When non-New Yorkers think of New York City, I imagine they picture skyscrapers, the Empire State building, or the Statue of Liberty. Some might think of NYC as a fashion capital or a place to be “discovered”. If a non-New Yorker’s perception of NYC is derived solely from media depictions, these assumptions are fairly valid, but for many immigrants, NYC is a place to start anew. It’s a place where they’re sure to find a job and perhaps work towards “The American Dream”. My family in the Dominican Republic thinks my parents are wealthy. To them, if you live in New York, you must have everything going for you. This notion is far from the truth, but I’ve never been especially angered by their assumptions. What does anger me is when someone who is not from NYC talks about it as if it were their home. As if a visit atop a tour bus passing through 42nd Street or Harlem shows them everything NYC is.
I’d like to provide some context to the opinion I hold of Taylor Swift. From wearing “bling” to “rapping” and even starring in her own racist music videos, she has a history of being less than mindful of appropriation, so I was a bit wary when I was shown a video featuring the beloved country-turned-pop star. When Taylor said she was going to highlight some important New York terms, my immediate thought was “What does this white girl know about New York vocab words? Isn’t she from the south?”. I tried to give her a chance, but as soon as she uttered the first word I realized this video was wholly going to be an performance of appropriation. That first word was “bodega”.
“…A bodega is a corner store that’s open pretty much 24 hours most of the time… bodegas are our friends.”
I immediately searched where exactly Taylor Swift lives in NYC. I found she lives in Tribeca, in an apartment that looks like an “Anthropologie store, but prettier”. To be completely honest, I don’t know much about Tribeca, there probably are some bodegas around there, but I wondered if she had actually ever stepped into one. I always thought rich white people in New York only bought food from Trader Joe’s and organic food vendors. But what I do know, is that I’m most definitely not a rich New Yorker. I do, however, know about bodegas. I’m not trying to proclaim that bodegas are only mine to define, but I did feel unsettled when she tried to. A rich and famous white woman was trying to define something that is so specific and relevant to people of a completely different socioeconomic group than hers.
Bodega: “a convenience store, often specializing in Hispanic groceries.” They’re not our “friends”, Taylor Swift. A bodega is where we can get ten plátanos for a dollar. It’s where we can get our spices and avocados. It’s where our cousin’s husband will let us put the milk on a tab because our check still hasn’t cashed from our second job and the rent is due. It’s where I would go with 100 pennies trying to buy a Kit Kat bar after school. Its where the elderly in the neighborhood grab a beer and play a round of dominó in the front. A “bodega” is usually open 24 hours, that is true. But I would be surprised if she’s actually been to one during any one of those hours.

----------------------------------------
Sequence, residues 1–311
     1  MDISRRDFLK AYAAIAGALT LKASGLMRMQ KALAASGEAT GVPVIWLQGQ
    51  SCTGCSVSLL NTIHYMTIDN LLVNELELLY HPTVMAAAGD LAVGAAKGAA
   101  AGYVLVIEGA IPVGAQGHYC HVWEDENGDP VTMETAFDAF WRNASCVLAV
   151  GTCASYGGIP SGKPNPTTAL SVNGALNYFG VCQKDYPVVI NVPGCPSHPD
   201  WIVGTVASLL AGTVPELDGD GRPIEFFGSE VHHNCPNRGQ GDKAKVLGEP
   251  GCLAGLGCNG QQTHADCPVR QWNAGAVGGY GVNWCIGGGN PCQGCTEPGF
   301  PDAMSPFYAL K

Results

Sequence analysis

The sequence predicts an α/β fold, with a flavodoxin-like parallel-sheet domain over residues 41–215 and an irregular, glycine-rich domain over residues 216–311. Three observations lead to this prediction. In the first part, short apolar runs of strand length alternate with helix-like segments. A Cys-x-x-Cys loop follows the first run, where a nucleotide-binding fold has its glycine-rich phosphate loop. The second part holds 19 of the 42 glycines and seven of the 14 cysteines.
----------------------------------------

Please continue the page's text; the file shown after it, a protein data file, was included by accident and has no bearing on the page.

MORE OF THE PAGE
At this point, I was only 20 seconds into the video and already quite heated (NYC Vocab Word #1: meaning “angered”). She then went on to explain the pronunciation of “Houston Street”. Still steaming from her “bodega” definition, all I could think during the Houston segment was: “damn this girl is basic” (NYC Vocab Word #2: meaning something or someone that is uninteresting, vapid, boring, or uncool). She also explained NoHo and SoHo. “NoHo stands for north of Houston, SoHo stands for south of Houston.” For me, SoHo stands for “place where rich people shop” and NoHo stands for “place where rich people live”.
Next on the list was “stoop”. Taylor Swift explains that in the South, a stoop would be the part of the “house” where the porch is. She then goes on to show a series of photos that represent what stoops are in NYC. I died of laughter seeing her representations of NYC stoops. The photos were only of brownstones and townhouses, but I mean, i’m sure her bougie self (NYC Vocab word #3: from the word ‘bourgeois’, meaning a person who is very rich and privileged) has never sat on a stoop anywhere other than those places. Where I’m from, a stoop is the stairs at the entrance to an apartment building. A stoop is where neighbors hang out on a hot summer day gossiping and joking around. It’s where I couldn’t hang out due to gang violence and drug activity on my block. It’s the entrance to my home, my hub of safety. I could only laugh bitterly when Taylor Swift showed those photos, because it gives the impression that New York is a warm, clean and pristine place. All those photos did to me was just show all the places in New York that I can’t afford and am not welcome to.
I’m not usually angered by people’s assumptions of NYC. But I am angered by a privileged white woman from the suburban South, attempting to define and subsequently appropriate terms that are not only irrelevant to her, but also clearly don’t belong to her. She claims to be celebrating a city that’s been her home for the past year, but all I see is her acting as though she is knowledgeable of topics she knows nothing about. I can only imagine what other interesting facts of NYC she relays in her new album “1989”. If I could say anything to the country star, it would be “stay in your lane gringa”(NYC Vocab #4: meaning white American girl).